When to use SET and SELECT?


I know that as in practically all issues related to "one or the other" there should be situations where it is best to use SET or SELECT , in a procedure (for example).

At work we have the habit of always using SELECT , even if to assign value to only one variable, eg:

@declare @variavel varchar(2)
select @variavel = 'ok'

Is this the best practice or is it a simple assignment it would be best to use SET ? Is there any performance / memory advantage in using SELECT in situations like this?

asked by anonymous 29.09.2017 / 19:32

2 answers


I've always had this doubt, but I've never researched it and even this happens a lot with me. In the StackOVerflow in English has this topic explaining when to use both the main differences are:

  • SET is ANSI standard for assigning variables, SELECT is not.
  • SET can only assign one variable at a time, SELECT can do several assignments at the same time.
  • If you assign from a query, SET can only assign a value climb. If the query returns multiple values / rows then SET an error may occur. SELECT will assign one of the values to the variable e will hide the fact that several values have been returned (then, probably would never know why something was wrong in another place)
  • When assigning from a query if there is no value returned SET will assign NULL , where SELECT will not do the assignment (so the variable will not be changed from its previous value). See code below
  • Regarding differences in performance there are no differences between SET and SELECT . The ability to SELECT making multiple assignments in a single action gives a slight advantage performance on SET .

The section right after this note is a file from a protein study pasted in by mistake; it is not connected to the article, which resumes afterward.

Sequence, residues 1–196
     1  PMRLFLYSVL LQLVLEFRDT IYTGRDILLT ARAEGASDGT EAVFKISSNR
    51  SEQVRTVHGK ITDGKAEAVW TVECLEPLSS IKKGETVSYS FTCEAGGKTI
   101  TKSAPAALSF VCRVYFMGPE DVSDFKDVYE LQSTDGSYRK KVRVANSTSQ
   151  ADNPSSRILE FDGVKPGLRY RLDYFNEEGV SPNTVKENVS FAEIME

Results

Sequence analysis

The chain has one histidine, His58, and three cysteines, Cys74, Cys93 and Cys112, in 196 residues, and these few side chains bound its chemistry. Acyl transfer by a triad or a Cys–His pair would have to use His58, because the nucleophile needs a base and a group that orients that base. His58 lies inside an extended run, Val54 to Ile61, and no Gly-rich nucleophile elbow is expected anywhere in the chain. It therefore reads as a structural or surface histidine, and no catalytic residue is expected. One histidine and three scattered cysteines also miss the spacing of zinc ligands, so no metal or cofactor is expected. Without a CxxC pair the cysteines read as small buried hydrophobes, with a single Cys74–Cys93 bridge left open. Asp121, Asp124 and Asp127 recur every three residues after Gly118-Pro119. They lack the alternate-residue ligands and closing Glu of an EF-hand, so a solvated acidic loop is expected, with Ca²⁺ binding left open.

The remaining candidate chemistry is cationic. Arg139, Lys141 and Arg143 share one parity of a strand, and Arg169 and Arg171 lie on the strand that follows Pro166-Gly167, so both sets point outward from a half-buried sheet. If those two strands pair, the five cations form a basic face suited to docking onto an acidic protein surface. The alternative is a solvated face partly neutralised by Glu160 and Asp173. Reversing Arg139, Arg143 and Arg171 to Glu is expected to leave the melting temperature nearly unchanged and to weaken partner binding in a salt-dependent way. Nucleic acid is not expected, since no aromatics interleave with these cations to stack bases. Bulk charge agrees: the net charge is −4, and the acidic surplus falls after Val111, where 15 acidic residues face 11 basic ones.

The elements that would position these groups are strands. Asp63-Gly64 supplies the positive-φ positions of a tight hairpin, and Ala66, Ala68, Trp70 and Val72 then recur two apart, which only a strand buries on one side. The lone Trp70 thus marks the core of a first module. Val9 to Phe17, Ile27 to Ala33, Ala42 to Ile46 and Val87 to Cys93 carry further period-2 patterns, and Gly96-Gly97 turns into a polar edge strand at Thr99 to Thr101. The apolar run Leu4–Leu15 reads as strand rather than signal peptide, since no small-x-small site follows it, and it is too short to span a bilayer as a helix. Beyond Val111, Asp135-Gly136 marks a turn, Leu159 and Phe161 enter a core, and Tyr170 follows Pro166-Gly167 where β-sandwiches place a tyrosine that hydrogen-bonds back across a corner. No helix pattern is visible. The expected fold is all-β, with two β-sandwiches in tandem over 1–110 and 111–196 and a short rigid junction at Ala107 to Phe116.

• Translating code item 3:

    Test yourself using the code below.

    declare @var varchar(20)
    set @var = 'Joe'
    set @var = (select Campo from SuaTabela)
    select @var 
    select @var = Campo from SuaTabela
    select @var

    The first code will return the following error message:


    Subquery returned more than 1 value. This is not permitted when the   subquery follows =,! =, & lt ;, < =, & gt ;, > = or when the subquery is used as   an expression.

    The second will return you a value.

    Translating code item 4:

    declare @var varchar(20)
    set @var = 'Joe'
    set @var = (select name from master.sys.tables where name = 'qwerty')
    select @var /* @var Agora é null */
    set @var = 'Joe'
    select @var = name from master.sys.tables where name = 'qwerty' -- AQUI NÃO É ATRIBUÍDO NULL
    select @var
    --SAÍDA Joe

    It is very common to use the system in which I work SELECT in FUNCTIONS to concatenate comma-separated values instead of displaying one per line.

    In practice

    Imagine that I want to know all of your customers' emails, and they should have been comma-separated in a single result.

    A FUNCTION that would solve your problem will look something like:

    CREATE FUNCTION [dbo].[fncEmails](@IDCliente int)
            SELECT @retorno = COALESCE(@retorno + ', ', '') + Email
            FROM Clientes 
       RETURN @retorno


    '[email protected], [email protected], [email protected]'


    29.09.2017 / 19:37

    By working with mysql , I followed the following practices in sql server :

    • I use set to assign value to control variables;
    • I use select for all other cases.

    In other words, when I need to initialize a variable that is used to control a loop , for example, I use set (ex set @contador = 0 ); when the assignment depends on any query the base, I use select (ex select @contador = count(*) from usuarios ). Since the performance difference is practically nonexistent, there are no problems in the execution.

    Note that you could use set even with queries to the base (ex set @contador = (select count(*) from usuarios) ), but I believe it will be more complex to read.

    24.10.2018 / 16:25